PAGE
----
Comparative tax rates

When a committee of state legislators and local residents held a public meeting on Tuesday to discuss redrawing the line between Santa Cruz into Cochise counties, several attendees talked about a common source of frustration: property taxes.

Complaints about rising taxes are one of several issues raised by a group of local residents, led by David Green and the Sonoita/Elgin Community Group, who are calling on Cochise County to annex land in Eastern Santa Cruz.

“We’ve been battling the property tax problem for about three years,” said Matt Parrilli, a Sonoita-Elgin-area resident and member of the committee.

But after comparing 2019 tax rates, the NI found that property owners in Sonoita-Elgin would likely have paid more if the area were a part of Cochise County.

In Santa Cruz County, the combined tax rate rate that the county levied on all residents in 2019, regardless of location, came to $5.8191 per $100 of assessed value. In Cochise, that figure was $6.0877.

For a homeowner who lives in their house, taxable “assessed value” is equal to 10 percent of the property’s valuation.

That means the owner of a home in the Sonoita-Elgin area assessed at $200,000 would have been taxed $1,163 by Santa Cruz County in 2019. If the area were part of Cochise, county taxes would likely have come to about $1,217.

Those numbers don’t include other taxes levied by school and fire districts, as well as other tax authorities, but school and fire district taxes aren’t determined by county boundaries.

Sonoita-Elgin residents were taxed $4.6271 per $100 of assessed value by the Sonoita Elementary School District in 2019, on top of $2.6950 for the Patagonia Union High School District and $2.7250 for the Sonoita-Elgin Fire District.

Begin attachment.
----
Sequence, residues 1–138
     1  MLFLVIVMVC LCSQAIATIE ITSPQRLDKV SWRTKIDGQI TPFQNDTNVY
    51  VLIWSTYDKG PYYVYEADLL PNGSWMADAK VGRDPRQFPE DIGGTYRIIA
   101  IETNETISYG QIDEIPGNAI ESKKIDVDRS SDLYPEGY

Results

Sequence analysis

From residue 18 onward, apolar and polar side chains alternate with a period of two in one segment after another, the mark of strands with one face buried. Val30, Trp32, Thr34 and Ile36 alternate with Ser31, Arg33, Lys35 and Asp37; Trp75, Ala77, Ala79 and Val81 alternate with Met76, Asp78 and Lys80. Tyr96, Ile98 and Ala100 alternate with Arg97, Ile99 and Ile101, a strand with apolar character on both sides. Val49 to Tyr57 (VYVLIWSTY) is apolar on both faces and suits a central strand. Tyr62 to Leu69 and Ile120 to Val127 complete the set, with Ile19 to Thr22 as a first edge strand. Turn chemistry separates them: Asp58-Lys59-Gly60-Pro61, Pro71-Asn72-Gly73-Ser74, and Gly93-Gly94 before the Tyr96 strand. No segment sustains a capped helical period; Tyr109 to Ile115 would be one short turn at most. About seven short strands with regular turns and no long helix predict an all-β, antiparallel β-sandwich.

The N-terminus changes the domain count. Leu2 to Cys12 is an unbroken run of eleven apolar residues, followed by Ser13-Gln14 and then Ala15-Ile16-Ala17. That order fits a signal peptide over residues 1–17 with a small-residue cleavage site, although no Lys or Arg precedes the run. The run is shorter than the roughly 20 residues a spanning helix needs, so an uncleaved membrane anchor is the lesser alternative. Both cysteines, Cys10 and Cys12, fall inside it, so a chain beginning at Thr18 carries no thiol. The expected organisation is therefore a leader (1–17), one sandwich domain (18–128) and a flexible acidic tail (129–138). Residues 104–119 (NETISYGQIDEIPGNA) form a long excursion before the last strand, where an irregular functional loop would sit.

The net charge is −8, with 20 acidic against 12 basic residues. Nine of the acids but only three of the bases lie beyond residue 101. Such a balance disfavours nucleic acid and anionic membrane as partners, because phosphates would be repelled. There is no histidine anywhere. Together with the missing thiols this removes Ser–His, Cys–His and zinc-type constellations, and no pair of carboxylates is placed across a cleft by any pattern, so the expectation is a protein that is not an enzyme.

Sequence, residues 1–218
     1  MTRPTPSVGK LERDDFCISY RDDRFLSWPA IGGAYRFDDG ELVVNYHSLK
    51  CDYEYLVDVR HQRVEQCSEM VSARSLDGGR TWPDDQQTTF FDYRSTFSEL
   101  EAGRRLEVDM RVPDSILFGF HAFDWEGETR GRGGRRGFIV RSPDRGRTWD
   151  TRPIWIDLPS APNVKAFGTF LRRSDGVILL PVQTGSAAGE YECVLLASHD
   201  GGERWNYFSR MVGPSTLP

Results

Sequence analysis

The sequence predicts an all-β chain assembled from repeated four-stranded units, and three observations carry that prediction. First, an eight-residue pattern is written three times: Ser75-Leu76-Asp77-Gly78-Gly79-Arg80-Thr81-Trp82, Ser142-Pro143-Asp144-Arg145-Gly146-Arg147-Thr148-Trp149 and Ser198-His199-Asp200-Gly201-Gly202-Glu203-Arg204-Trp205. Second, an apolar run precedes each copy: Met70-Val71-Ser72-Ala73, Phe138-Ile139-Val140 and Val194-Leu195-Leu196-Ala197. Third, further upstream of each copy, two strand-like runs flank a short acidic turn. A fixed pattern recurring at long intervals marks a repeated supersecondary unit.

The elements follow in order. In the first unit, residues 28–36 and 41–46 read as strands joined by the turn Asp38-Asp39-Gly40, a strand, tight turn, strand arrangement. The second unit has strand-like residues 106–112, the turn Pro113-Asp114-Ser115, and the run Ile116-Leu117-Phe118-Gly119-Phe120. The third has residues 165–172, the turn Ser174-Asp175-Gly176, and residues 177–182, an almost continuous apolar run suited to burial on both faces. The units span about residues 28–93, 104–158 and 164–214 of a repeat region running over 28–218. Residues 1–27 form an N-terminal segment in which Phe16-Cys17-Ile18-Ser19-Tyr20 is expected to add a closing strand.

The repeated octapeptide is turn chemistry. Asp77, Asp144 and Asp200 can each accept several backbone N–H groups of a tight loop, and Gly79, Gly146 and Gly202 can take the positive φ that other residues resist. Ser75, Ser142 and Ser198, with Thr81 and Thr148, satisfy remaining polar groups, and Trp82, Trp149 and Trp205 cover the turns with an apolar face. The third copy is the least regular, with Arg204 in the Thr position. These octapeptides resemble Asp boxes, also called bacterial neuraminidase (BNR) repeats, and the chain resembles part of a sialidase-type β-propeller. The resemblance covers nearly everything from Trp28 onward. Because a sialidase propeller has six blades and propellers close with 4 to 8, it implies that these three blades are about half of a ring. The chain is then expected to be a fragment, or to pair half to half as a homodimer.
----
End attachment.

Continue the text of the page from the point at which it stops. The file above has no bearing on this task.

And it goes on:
For a $200,000 home, those three taxes would have totaled $2,009 in 2019.

Green, the leader of the Sonoita/Elgin community group, has also asserted that properties in Sonoita-Elgin are valued unfairly highly.

Cochise County Assessor Philip Leiendecker said there was no reason to think that property valuations would change if the county line were shifted.

Properties in different areas can have different valuations due to the value of their neighborhoods, but the system that’s used to make valuations is the same across all Arizona counties.

At the Oct. 29 meeting, lifetime local resident Glenn Wolfgang, who opposes moving Sonoita-Elgin into Cochise County, said that he had compared tax rates in the two counties in about two hours of online research.

“We’re starting out, if we move to Cochise County, with a greater (tax rate),” he said.

It’s not clear when any proposed county-line shift would be implemented or how local taxes might change in the meantime, but Leiendecker had the same message for Sonoita-Elgin residents.

“They have to be careful, they might get what they ask for and it may be worse than what they’ve got,” he cautioned.

But, at Tuesday’s meeting, some speakers sounded more concerned about the returns they were receiving on their county taxes than the rate they paid.

“We just feel like perhaps our taxes aren’t coming back to us in benefits as much as they are over there,” said Sonoita-Elgin resident Sandra Ruppel, “and there’s a feeling like we can’t break through and get representation in our county.”

Gary Cooper, a 71-year-old resident who wants Cochise County to annex the area, said he “would gladly pay $200 if we could get some roads… I’m willing to pay a little bit more if that’s what it takes to get some services, for the golden years that I’m living here.”

Load comments